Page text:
In the movie Hitch there is a scene where Will Smith’s character is making suggestions to another character of how he should dress for a date. The other character says “I’m just not sure these shoes are me.” Smith looks at him and says “Right now, you is a very fluid concept.” It’s a trite moment in a light-hearted movie, but that phrase “you is a very fluid concept,” is actually profound and profoundly counter-cultural.
Too often we think of ourselves as “me”, a static person, unchanging and unpliable. This is to limit ourselves to our own detriment.
“That’s just who I am.” We’ve all heard people say it and very likely said it ourselves. It’s that ubiquitous explanation (read: excuse) for an action or attitude that strikes someone else oddly or even offends them. Sometimes it’s innocent, like when we’re explaining our accent, clothing choices, or cultural peculiarities (hugging, being loud, talking fast, hurrying, running late, etc.). More often, though, we say it to justify ourselves when we are offensive or hurtful. We brush away our missteps by blaming them on our own identity. “I can’t help it if you’re hurt by that; it’s just the way I am.”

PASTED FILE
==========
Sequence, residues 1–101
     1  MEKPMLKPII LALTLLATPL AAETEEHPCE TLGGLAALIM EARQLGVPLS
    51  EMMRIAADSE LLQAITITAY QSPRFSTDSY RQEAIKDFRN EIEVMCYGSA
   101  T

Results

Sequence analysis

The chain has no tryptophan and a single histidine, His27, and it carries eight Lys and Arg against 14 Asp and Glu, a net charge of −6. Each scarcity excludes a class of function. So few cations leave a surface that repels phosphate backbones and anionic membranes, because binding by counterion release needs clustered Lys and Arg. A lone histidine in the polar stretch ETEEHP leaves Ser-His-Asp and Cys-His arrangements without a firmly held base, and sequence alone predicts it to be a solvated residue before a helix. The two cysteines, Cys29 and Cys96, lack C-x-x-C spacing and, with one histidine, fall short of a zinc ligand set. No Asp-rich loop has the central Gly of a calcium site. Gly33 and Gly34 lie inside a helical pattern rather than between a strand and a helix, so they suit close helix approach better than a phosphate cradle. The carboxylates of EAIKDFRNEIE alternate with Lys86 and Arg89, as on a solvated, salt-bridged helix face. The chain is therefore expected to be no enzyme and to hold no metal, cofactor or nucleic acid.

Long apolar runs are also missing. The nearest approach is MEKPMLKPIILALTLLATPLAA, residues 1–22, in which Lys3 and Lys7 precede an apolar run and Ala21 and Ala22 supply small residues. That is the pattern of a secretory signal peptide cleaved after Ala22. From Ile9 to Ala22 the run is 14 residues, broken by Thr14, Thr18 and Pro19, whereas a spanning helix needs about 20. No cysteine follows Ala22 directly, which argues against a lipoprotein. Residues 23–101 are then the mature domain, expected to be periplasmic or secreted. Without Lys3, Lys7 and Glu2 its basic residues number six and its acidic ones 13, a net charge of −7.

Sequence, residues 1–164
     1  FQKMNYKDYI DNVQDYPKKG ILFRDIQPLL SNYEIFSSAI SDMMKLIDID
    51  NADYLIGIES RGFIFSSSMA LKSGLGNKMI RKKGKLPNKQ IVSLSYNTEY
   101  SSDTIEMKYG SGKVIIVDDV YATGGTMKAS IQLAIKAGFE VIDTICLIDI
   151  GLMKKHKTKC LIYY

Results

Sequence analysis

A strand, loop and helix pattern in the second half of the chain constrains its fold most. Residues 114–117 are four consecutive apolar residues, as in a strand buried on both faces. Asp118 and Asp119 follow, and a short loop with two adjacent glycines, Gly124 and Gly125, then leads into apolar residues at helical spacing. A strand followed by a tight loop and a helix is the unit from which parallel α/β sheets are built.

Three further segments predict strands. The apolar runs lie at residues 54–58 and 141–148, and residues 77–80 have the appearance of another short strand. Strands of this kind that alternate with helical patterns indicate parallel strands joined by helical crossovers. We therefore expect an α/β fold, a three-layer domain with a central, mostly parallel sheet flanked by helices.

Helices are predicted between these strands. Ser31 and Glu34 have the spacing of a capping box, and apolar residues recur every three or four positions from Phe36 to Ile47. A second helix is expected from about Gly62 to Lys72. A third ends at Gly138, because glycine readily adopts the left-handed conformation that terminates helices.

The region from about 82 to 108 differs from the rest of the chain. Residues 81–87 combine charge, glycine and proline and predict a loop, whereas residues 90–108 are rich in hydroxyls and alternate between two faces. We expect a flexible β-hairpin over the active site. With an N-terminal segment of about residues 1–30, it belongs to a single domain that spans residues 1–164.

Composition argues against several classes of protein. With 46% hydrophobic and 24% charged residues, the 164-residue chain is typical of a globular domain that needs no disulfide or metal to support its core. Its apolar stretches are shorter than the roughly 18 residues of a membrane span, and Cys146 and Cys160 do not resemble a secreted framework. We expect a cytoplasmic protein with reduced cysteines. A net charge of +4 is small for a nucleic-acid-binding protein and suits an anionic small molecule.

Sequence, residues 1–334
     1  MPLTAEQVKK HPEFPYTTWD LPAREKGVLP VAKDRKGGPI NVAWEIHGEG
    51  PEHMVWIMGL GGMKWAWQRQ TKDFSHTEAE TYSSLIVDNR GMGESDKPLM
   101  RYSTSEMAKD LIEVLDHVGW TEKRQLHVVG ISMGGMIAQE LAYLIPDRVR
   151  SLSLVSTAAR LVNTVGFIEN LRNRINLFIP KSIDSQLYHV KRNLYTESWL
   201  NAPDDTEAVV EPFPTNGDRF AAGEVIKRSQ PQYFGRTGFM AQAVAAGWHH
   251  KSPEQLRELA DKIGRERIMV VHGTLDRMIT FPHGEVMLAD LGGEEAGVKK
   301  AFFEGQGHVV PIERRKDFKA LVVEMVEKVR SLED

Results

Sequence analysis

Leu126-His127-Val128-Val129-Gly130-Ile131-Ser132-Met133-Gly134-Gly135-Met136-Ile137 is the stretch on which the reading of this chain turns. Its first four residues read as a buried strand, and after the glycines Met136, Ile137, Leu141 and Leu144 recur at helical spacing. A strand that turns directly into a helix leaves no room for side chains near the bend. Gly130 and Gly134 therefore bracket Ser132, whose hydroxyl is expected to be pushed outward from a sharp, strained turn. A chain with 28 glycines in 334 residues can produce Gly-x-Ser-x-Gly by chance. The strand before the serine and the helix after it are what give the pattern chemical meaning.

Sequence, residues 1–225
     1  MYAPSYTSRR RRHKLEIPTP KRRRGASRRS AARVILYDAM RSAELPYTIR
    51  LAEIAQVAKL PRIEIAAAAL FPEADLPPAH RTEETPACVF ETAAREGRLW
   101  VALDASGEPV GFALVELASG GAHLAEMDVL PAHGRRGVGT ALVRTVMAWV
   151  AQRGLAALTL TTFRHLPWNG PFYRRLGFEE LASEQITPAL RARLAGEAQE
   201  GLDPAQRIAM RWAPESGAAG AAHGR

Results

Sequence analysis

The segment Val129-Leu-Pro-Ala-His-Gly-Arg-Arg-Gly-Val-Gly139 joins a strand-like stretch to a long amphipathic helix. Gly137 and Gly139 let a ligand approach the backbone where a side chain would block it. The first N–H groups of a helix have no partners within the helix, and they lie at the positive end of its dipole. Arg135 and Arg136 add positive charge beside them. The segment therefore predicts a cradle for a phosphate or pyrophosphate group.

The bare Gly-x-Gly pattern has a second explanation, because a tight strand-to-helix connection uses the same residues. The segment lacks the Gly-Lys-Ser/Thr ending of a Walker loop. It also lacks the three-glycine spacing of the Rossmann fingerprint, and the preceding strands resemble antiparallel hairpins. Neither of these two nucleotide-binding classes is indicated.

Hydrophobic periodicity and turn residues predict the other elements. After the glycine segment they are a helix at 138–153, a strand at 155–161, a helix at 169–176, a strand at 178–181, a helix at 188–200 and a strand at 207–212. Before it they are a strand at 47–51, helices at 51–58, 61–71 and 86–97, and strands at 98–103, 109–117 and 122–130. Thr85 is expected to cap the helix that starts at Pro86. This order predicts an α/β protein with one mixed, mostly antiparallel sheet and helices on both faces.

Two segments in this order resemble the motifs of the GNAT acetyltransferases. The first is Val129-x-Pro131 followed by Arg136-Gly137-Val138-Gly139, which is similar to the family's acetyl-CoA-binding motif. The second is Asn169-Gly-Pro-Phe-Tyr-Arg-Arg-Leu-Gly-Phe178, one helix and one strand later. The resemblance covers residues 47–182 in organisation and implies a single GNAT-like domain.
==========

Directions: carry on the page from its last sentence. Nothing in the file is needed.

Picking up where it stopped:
“That’s just the way I am.” “That’s not me.” Well, that’s just arrogant.
Thinking this way smacks of faithless fatalism. It assumes a certain achievement and superiority in the status of “me” and “I am.” We are created from dust; we are clay. Only God can rightfully be described as “I AM”. The rest of us are becoming.
We ought never to be satisfied or limited with who we are. It should never remain the same for long. Yes, God did give us tendencies and personalities through our genetic code and our familial and cultural upbringing. But God also gives us grace to grow those in positive directions or overcome them. “Who I am” is much less relevant and meaningful than who I am becoming.
If you are a person who hides behind the mantle of “me” you are choosing conflict, disappointment, and frustration. You are risking alienation from those around you as you plant your flag in one place and they move on. You will be a stationary obstacle in their way as they travel on the path to who they are becoming.
Let “you” be a fluid concept in the hands of God. Have the humility to recognize needed changes and to appreciate outside input. Yes, God gave you tendencies and a personality. But God is I AM. You should become.
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